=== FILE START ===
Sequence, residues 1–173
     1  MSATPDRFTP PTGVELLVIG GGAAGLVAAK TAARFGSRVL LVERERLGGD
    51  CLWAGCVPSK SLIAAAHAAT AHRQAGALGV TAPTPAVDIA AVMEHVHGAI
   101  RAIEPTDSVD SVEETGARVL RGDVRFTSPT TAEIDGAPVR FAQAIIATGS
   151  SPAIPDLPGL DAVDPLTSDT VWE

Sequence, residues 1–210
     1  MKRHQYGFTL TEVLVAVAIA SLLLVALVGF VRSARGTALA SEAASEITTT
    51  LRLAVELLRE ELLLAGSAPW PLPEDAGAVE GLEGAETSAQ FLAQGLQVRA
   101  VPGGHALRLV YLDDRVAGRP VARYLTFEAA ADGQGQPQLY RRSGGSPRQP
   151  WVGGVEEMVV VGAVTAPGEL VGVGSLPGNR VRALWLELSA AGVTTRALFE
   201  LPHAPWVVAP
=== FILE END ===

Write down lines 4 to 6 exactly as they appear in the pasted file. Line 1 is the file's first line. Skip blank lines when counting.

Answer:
   101  RAIEPTDSVD SVEETGARVL RGDVRFTSPT TAEIDGAPVR FAQAIIATGS
   151  SPAIPDLPGL DAVDPLTSDT VWE

Sequence, residues 1–210